You want to deliver commercial spaces that are flexible, functional and ooze design flair, however, aside from the aesthetics, there’s also another key element that plays a part in the equation – compliance.
Contrary to popular belief, designing commercial flooring doesn’t just simply involve creating captivating design spaces that are visually appealing and represent the latest style trends and inspiration.
For architects and designers, delivering a commercial flooring project also means adhering to commercial building codes and compliance regulations to ensure the products they’re using are safe, fit for purpose and future proof.
And if you’ve opted for a tiled floor then anti slip is undoubtedly one of the main, if not the most, important compliance factor that needs to be addressed, regardless of the commercial setting you’re working in.
The common cause of workplace injuries
According to the Health and Safety Executive (HSE), slips and trips are the most common cause of injury in workplaces. On average, they’re the main culprit for more than a third of all major injuries and over 40% of all reported injuries to members of the public. Most of these accidents are slips, many of which happen when floor surfaces become contaminated by substances, such as water or grease.
Anti slip floor tiles are essential in helping prevent these types of injuries, read on for details of the main guidelines to watch out for to ensure your tiles meet the right anti slip criteria:
Anti slip flooring and British European Standards
Like all slip resistant flooring materials and footwear, anti slip tiles are covered by the British European Standards. Here’s an overview of the main guidelines:
Describes the specification, operation and calibration of the pendulum test, which is used to assess the slipperiness of a floor in dry and contaminated conditions. The results are reported as Pendulum Test Value or Slip Resistance Value and are around 100 times the coefficient of friction.
This is a laboratory-based ramp test involving cleated safety boots and motor oil contamination. Results are reported as an R value, on a scale from R9 to R13, with R9 being the least slip resistant.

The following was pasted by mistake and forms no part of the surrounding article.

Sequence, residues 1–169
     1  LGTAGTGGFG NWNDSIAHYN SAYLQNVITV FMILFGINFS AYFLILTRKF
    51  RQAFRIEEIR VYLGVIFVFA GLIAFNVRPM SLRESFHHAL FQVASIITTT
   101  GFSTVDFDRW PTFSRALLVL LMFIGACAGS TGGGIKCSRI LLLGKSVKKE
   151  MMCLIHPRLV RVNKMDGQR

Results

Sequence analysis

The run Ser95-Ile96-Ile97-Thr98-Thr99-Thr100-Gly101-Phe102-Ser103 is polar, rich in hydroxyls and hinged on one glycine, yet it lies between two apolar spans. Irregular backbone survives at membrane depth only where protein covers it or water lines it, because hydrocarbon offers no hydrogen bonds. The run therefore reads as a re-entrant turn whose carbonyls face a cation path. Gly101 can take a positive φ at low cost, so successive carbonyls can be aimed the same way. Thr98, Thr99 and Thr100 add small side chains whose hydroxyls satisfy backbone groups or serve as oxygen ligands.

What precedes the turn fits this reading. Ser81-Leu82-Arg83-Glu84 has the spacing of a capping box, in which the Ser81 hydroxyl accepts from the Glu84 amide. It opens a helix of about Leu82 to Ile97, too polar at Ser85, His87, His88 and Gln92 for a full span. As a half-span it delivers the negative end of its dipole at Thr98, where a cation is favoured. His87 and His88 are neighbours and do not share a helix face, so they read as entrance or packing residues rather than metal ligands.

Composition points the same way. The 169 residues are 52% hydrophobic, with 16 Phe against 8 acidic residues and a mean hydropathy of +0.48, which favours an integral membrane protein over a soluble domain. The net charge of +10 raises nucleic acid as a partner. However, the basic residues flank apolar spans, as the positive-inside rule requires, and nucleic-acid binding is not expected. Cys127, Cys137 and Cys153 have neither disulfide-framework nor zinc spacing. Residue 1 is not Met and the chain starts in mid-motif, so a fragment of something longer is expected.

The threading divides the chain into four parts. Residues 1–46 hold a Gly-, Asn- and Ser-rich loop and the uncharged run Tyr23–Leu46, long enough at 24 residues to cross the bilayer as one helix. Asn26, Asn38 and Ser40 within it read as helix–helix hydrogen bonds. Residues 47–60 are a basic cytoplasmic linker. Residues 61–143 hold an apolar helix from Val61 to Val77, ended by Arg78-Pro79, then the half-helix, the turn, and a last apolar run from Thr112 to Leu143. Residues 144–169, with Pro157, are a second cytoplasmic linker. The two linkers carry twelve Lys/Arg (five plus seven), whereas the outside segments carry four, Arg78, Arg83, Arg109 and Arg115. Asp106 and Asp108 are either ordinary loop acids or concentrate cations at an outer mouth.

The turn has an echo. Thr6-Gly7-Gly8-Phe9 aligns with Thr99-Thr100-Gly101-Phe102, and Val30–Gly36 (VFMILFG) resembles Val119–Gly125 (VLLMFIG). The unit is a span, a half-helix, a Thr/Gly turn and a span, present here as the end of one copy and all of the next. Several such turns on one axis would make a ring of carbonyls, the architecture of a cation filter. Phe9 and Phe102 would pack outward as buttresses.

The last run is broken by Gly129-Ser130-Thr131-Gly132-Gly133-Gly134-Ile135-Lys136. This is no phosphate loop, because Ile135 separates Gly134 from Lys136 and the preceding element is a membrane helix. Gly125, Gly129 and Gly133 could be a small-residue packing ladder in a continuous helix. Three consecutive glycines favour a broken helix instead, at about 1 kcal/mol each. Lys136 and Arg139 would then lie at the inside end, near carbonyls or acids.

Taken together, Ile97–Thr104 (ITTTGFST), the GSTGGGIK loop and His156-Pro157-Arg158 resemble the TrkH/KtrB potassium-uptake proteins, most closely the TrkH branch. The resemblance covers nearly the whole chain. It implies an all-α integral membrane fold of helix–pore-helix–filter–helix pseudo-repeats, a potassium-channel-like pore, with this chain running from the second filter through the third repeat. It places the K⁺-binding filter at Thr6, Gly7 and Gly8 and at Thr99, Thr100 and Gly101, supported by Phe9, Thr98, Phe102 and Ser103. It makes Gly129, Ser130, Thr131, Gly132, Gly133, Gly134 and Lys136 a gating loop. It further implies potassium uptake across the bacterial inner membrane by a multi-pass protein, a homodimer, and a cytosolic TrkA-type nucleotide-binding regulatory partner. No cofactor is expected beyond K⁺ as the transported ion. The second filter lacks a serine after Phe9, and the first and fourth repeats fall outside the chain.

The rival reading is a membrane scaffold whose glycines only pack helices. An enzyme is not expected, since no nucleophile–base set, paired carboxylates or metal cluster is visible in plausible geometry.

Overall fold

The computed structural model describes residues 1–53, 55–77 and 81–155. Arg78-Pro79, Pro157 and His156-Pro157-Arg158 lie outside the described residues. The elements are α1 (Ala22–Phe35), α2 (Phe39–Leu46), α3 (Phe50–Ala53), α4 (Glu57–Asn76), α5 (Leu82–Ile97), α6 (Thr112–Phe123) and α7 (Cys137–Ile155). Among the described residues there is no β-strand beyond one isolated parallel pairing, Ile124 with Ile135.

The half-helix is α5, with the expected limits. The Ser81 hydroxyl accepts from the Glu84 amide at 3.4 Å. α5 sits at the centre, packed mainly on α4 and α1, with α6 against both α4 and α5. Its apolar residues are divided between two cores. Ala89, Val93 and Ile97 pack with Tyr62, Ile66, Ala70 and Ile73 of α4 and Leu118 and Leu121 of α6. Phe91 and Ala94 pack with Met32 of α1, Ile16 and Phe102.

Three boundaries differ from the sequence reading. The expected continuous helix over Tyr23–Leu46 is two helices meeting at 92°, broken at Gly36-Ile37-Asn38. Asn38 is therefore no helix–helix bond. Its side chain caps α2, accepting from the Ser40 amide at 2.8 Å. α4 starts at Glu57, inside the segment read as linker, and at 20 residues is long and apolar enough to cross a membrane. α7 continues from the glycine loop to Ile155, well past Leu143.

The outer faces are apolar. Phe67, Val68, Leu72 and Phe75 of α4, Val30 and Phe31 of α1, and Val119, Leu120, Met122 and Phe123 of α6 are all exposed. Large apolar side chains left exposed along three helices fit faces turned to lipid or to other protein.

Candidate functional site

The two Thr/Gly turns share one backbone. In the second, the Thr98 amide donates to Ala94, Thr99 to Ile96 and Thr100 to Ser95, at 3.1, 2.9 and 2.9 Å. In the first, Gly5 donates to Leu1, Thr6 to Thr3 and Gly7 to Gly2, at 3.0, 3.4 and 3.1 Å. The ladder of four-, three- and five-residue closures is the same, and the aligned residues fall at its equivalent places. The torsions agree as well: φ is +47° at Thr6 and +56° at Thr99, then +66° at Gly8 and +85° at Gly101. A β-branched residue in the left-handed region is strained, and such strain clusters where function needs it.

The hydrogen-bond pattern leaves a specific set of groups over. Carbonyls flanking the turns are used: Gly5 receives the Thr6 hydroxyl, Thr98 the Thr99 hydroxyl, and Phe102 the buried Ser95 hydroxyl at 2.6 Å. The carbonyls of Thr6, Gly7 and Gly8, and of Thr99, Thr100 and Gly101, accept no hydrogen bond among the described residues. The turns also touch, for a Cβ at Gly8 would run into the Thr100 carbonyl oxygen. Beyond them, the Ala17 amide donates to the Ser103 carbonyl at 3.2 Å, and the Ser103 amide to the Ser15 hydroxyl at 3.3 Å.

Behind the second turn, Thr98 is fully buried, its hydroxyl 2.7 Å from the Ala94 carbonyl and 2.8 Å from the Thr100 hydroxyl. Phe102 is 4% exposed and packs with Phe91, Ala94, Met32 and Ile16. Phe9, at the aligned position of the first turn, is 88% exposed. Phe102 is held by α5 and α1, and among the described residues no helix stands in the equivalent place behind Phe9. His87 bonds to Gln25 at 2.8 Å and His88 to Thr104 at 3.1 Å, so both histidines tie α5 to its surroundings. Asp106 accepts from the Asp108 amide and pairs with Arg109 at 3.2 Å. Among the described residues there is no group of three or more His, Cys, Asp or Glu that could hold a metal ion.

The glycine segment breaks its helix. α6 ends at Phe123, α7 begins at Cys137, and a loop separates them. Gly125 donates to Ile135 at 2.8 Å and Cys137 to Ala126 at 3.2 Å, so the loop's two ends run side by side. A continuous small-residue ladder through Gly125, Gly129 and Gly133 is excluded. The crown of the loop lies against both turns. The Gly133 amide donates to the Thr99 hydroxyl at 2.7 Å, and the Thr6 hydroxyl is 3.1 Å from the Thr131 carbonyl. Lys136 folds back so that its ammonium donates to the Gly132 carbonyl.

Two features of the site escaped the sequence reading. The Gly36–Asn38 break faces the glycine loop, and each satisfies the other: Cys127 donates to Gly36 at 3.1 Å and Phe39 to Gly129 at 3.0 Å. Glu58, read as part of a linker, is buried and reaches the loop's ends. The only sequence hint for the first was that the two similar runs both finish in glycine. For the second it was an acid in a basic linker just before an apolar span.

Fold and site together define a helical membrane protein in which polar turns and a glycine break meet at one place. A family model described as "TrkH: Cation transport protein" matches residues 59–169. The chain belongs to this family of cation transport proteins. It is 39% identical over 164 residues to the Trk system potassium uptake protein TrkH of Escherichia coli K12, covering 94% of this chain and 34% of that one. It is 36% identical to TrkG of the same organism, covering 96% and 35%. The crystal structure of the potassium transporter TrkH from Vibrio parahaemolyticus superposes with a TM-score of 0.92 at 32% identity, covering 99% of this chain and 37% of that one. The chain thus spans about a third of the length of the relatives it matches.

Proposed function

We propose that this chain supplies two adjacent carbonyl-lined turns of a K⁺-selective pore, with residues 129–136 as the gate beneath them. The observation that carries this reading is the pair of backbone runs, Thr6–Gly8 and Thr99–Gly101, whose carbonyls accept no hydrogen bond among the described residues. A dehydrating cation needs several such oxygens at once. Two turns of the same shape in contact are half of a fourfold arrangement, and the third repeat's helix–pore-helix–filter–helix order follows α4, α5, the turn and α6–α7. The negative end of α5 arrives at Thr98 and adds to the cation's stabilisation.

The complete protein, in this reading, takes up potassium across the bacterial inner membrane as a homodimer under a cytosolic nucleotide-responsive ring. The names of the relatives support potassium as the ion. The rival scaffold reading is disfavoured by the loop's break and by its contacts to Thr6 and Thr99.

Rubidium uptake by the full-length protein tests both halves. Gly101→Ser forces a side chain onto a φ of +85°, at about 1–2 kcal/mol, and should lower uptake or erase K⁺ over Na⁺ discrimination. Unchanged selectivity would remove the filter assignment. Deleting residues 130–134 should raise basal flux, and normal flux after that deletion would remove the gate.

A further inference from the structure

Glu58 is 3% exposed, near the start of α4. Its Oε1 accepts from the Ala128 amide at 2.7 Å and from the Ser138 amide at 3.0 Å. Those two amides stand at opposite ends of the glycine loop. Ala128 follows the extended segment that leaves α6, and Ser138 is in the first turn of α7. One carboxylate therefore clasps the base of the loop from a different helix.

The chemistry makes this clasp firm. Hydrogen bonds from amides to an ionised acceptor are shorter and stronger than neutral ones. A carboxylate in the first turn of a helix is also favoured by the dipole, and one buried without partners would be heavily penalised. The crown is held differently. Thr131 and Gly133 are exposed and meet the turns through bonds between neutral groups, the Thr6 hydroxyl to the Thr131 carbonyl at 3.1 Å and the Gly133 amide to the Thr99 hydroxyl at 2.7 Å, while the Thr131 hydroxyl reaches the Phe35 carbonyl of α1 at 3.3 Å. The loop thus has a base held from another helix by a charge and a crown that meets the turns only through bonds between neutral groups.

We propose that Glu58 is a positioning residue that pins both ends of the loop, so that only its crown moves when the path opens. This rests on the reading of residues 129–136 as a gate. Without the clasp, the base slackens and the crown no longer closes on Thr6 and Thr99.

This test is also conduced in a laboratory this time, using barefoot operators with soapy water as the contaminant. Results are reported as Class A, B or C, with A being the least slip resistant.
Another laboratory-based ramp test designed to specifically test resilient floor coverings with enhanced slip resistance. This test uses standardised footwear and soapy water contamination
Anti slip flooring and the wow factor
Now that we’ve covered the regulation part, we couldn’t finish this blog without covering another important consideration, the wow factor. It can be very easy to assume that specifying commercial flooring tiles is more focused on maintaining compliance than injecting any design or flair into your flooring project. However, this couldn’t be any further from the truth.
Yes, flooring tiles do need to adhere to the latest British Standards and HSE guidelines, but it’s still possible to create flooring projects that tick both the design appeal and compliance box. For instance, porcelain tiles are extremely strong, hardwearing and maintenance free and are capable of achieving the same stunning look as natural stone, but with the added benefit of durable and anti-slip qualities. What’s more, you can also achieve double the impact of your finished project if you opt for porcelain for your interior flooring as well as your outdoor flooring.
For more information about maintaining compliance or to discuss your commercial tiling requirements with us, call us on 01346 532747 or email us at email@example.com.
In the meantime, why not take a look around our porcelain range.